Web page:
6. Cuidado con las afirmaciones, especialmente las partidistas, de que los obispos son partidistas. Los obispos y su personal leen las regulaciones antes de evaluarlas. Los obispos no buscaron esta disputa en un año de elecciones—otros lo hicieron. Los obispos forman sus posiciones basándose en principios—en este caso, la libertad religiosa para todos, la vida y la dignidad de todo ser humano—y no las urnas, las personalidades o los partidos políticos. Los obispos tienen el deber de proclamar estos principios en todo momento, esté o no de moda hacerlo.
Aquí podrá encontrar las primeras seis observaciones de la Conferencia de Obispos Católicos de Estados Unidos referentes al mandato de HHS.
Monday, February 13, 2012
1. The rule that created the uproar has not changed at all, but was finalized as is. Friday evening, after a day of touting meaningful changes in the mandate, HHS issued a regulation finalizing the rule first issued in August 2011, “without change.” So religious employers dedicated to serving people of other faiths are still not exempt as “religious employers.” Indeed, the rule describes them as “non-exempt.”
2. The rule leaves open the possibility that even exempt “religious employers” will be forced to cover sterilization. In its August 2011 comments, USCCB warned that the narrow “religious employer” exemption appeared to provide no relief from the sterilization mandate—only the contraception mandate—and specifically sought clarification. (We also noted that a sterilization mandate exists in only one state, Vermont.) HHS provided no clarification, so the risk remains under the unchanged final rule.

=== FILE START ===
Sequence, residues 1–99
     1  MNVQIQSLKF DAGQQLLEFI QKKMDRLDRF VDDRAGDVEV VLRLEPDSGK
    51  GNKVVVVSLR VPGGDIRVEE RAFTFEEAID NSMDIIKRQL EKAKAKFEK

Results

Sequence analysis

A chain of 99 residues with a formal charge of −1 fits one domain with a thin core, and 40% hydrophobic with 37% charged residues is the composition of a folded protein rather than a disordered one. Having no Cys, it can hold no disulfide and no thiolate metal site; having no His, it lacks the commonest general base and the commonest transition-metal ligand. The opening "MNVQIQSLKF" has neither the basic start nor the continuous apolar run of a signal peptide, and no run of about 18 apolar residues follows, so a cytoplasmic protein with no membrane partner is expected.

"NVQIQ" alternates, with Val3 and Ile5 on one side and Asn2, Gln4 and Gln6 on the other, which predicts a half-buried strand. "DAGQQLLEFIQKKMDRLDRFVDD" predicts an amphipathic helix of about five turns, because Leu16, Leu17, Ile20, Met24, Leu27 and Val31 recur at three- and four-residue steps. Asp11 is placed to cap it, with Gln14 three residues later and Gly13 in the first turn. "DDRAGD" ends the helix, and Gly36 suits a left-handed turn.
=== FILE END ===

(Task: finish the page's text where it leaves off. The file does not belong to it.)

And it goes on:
3. The new “accommodation” is not a current rule, but a promise that comes due beyond the point of public accountability. Also on Friday evening, HHS issued regulations describing the intention to develop more regulations that would apply the same mandate differently to “non-exempt, non-profit religious organizations”—the charities, schools, and hospitals that are still left out of the “religious employer” exemption. These policies will be developed over a one-year delay in enforcement, so if they turn out badly, their impact will not be felt until August 2013, well after the election.
4. Even if the promises of “accommodation” are fulfilled entirely, religious charities, schools, and hospitals will still be forced to violate their beliefs. If an employee of these second-class-citizen religious institutions wants coverage of contraception or sterilization, the objecting employer is still forced to pay for it as a part of the employer’s insurance plan. There can be no additional cost to that employee, and the coverage is not a separate policy. By process of elimination, the funds to pay for that coverage must come from the premiums of the employer and fellow employees, even those who object in conscience.
5. The “accommodation” does not even purport to help objecting insurers, for-profit religious employers, secular employers, or individuals. In its August 2011 comments, and many times since, USCCB identified all the stakeholders in the process whose religious freedom is threatened—all employers, insurers, and individuals, not just religious employers. Friday’s actions emphasize that all insurers, including self-insurers, must provide the coverage to any employee who wants it. In turn, all individuals who pay premiums have no escape from subsidizing that coverage. And only employers that are both non-profit and religious may qualify for the “accommodation.”